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Driving towards higher costs

You don't need us to tell you there's a supply chain problem. Thankfully, our wholesalers and retailers are a resilient bunch. Here's our run-down on the subject...

In early September a Road Haulage Association survey of its members estimated there was a shortage of more than 100,000 drivers in the UK.

Before the pandemic, there were about 600,000 drivers and even then there was a shortage.

That was back in the days when there were tens of thousands of drivers from EU member states who were living and working in the UK.

But then came lockdown and travel was increasingly restricted as large parts of the economy shut down. So unfortunately many European drivers went home and not many have since returned.

On top of this, the pandemic created a crippling backlog of HGV driver tests so many of your customers' favourite products don't have a friendly driver to deliver them.

Then there's Brexit. Who voted for that? Probably not the drivers who could come and go without red tape when the UK was part of the single market. But hey presto, additional border bureaucracy makes imports (and exports) so much more difficult.

Pile on top of that a decline in the value of the pound against the euro since the Brexit vote, and the work is less attractive for EU nationals. Even if they could get a visa.

The UK government response? A temporary extension to driver hours. But wouldn't that compromise safety standards? And the transport industry is dismissive, saying it would do little to ease the problems it's facing.

The haulage companies want to ease the problem by allowing foreign drivers to qualify for a skilled worker visa, but the Government seems strangely reluctant to do this.

It's an issue in which larger companies such as supermarkets will throw their weight around to get product on shelves, leaving smaller independents to scrabble for their staples. Some large retailers have taken matters into their own hands by offering increased wages for divers or in some cases a hefty ‘joining bonus', but this makes it harder for smaller wholesalers.

And increased costs are usually reflected in increased prices at checkout.

Why there’s a labour shortage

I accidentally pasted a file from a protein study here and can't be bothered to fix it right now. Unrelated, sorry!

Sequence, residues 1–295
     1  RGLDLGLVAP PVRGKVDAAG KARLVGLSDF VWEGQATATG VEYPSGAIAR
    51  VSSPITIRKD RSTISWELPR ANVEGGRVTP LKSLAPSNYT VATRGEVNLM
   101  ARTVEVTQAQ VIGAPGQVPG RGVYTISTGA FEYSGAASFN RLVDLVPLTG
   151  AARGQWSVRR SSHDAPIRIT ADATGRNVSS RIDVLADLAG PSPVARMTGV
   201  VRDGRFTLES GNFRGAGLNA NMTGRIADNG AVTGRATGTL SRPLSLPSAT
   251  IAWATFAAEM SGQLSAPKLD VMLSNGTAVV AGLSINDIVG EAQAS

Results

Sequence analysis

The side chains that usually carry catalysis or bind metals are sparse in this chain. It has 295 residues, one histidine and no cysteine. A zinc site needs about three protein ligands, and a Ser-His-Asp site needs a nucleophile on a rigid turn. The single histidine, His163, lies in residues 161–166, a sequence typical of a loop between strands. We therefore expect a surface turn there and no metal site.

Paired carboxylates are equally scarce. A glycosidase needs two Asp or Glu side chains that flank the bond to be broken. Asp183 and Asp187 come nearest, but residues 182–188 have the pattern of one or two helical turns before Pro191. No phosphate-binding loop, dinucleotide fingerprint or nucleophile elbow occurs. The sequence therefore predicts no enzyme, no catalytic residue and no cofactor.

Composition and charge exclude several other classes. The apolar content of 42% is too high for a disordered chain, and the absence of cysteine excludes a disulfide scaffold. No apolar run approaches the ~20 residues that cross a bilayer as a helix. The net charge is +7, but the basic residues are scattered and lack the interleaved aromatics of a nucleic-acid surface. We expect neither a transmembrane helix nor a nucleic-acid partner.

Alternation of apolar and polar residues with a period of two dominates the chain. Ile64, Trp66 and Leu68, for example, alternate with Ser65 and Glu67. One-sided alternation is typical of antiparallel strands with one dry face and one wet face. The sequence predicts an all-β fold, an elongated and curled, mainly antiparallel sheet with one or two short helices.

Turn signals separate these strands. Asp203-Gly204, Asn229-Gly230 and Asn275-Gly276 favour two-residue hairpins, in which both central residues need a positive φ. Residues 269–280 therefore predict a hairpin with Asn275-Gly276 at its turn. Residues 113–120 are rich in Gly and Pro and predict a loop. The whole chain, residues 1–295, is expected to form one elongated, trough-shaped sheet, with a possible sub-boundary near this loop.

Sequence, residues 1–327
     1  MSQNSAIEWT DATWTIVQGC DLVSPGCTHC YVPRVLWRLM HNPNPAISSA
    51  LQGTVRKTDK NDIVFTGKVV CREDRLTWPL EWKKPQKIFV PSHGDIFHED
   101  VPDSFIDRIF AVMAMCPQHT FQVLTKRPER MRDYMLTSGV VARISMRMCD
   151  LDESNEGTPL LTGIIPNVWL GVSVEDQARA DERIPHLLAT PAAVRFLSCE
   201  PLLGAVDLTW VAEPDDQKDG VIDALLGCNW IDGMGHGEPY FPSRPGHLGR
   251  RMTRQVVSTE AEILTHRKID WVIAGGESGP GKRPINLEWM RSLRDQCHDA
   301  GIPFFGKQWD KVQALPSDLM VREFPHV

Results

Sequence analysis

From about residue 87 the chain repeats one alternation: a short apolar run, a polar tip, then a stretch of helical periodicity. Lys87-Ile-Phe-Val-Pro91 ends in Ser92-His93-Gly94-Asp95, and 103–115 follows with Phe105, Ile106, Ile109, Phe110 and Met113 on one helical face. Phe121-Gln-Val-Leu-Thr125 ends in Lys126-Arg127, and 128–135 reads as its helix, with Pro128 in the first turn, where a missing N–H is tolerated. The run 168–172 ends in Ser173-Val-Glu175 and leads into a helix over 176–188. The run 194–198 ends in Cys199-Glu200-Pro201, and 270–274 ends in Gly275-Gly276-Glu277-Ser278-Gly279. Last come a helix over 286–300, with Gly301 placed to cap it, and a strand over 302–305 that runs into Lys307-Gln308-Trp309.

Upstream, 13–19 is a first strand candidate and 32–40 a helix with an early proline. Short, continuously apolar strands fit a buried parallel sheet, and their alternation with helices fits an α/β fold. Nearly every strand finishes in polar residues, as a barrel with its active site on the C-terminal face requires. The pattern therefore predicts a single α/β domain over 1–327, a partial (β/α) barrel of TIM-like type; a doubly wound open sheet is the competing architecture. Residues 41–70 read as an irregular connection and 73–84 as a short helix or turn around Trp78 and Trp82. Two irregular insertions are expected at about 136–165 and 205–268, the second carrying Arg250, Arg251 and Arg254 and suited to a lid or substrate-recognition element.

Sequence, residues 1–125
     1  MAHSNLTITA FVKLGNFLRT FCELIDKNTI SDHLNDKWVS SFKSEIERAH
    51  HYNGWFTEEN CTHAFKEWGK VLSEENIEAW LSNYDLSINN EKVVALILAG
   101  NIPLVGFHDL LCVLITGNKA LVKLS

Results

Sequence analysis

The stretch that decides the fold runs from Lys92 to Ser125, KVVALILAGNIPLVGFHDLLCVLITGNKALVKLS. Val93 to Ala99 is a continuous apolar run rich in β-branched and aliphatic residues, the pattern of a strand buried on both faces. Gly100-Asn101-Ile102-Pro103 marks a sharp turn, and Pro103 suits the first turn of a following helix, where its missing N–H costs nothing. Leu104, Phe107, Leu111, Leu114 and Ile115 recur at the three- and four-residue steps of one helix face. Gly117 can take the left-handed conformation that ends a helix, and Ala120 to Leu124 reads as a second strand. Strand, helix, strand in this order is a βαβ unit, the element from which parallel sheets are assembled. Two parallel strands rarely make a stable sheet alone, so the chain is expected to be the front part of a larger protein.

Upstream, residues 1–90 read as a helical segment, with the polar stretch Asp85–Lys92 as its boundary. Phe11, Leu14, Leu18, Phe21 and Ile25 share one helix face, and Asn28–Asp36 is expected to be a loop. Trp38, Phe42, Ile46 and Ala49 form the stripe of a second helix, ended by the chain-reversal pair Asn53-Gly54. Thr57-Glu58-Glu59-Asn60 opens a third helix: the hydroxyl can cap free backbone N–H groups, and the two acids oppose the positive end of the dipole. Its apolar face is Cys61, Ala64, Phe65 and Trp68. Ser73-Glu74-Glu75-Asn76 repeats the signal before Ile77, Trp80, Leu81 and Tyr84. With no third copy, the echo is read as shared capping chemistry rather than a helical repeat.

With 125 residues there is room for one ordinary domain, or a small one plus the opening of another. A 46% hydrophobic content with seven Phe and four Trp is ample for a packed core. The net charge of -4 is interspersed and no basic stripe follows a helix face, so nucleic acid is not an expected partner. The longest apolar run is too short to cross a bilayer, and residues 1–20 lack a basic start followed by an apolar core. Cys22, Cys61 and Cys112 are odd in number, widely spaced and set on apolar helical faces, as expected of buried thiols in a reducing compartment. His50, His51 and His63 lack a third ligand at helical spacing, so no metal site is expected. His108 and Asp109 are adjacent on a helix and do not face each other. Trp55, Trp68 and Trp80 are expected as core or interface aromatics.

The pandemic has permanently reshaped the economy and retail's labour shortage and supply chain issues could remain for many years, according to Charged Retail, part of the Retail Gazette group.

The Recruitment and Employment Confederation (REC September 2021) says shop workers, lorry drivers and warehouse staff could be in short supply for an extended period, putting even greater pressure on retailers struggling to keep shelves stocked and stores open.

REC's jobs tracker for the final week of August revealed that there were 1.7 million active job adverts in the UK as retailers, restaurants and logistics companies all scrambled to find new staff.

“Large numbers of people are finding new work post-pandemic as the economy reshapes,” said REC chief executive Neil Carberry. “But that realignment will take time, and there is good evidence to suggest that the market will remain tight for some years to come, even if the current crisis passes.”

Even the Government's own Business Insights and Conditions Survey (BICS) revealed that 40% of all businesses reported a decrease in the number of European workers at the end of the EU transition period.

This shortage of workers is threatening to disrupt stock levels at Christmas unless the government allows European lorry drivers to work in the UK under emergency visas.

The Office for National Statistics (ONS) reported at the end of August that 25% of retail and wholesale businesses were facing lower stock levels than usual. This figure rose to 27% in the food services and accommodation industry, while 23% of manufacturers also reported stock shortages.

The effect on prices

British Retail Consortium (BRC) research shows that UK shop prices rose in August by 0.4% with non-food items rising 0.6%. Driver shortages and the costs of Brexit red tape are blamed.

While shop prices remain below those in 2020, down 0.8% in August compared with the same month a year earlier, that still showed a slowdown in deflation from the 1.2% year-on-year fall recorded in July.

BRC chief executive Helen Dickinson says: “Food retailers are fighting to keep their prices down as far as possible. But mounting pressures - from rising commodity and shipping costs as well as Brexit-related red tape - mean this will not be sustainable for much longer, and food price rises are likely in the coming months.

“Disruption has been limited so far, but in the run-up to Christmas the situation could get worse, and customers may see reduced choice and increased prices for their favourite products and presents.”

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